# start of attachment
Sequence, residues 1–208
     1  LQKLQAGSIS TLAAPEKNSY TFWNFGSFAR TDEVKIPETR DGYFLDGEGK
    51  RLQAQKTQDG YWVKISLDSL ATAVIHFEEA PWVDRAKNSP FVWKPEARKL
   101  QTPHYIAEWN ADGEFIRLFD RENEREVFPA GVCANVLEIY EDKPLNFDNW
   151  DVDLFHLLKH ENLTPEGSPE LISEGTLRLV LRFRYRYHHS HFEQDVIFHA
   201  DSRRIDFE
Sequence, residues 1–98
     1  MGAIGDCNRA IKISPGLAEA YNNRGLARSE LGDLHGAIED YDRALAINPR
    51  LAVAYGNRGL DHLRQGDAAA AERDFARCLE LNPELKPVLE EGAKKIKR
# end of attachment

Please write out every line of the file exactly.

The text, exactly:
Sequence, residues 1–208
     1  LQKLQAGSIS TLAAPEKNSY TFWNFGSFAR TDEVKIPETR DGYFLDGEGK
    51  RLQAQKTQDG YWVKISLDSL ATAVIHFEEA PWVDRAKNSP FVWKPEARKL
   101  QTPHYIAEWN ADGEFIRLFD RENEREVFPA GVCANVLEIY EDKPLNFDNW
   151  DVDLFHLLKH ENLTPEGSPE LISEGTLRLV LRFRYRYHHS HFEQDVIFHA
   201  DSRRIDFE
Sequence, residues 1–98
     1  MGAIGDCNRA IKISPGLAEA YNNRGLARSE LGDLHGAIED YDRALAINPR
    51  LAVAYGNRGL DHLRQGDAAA AERDFARCLE LNPELKPVLE EGAKKIKR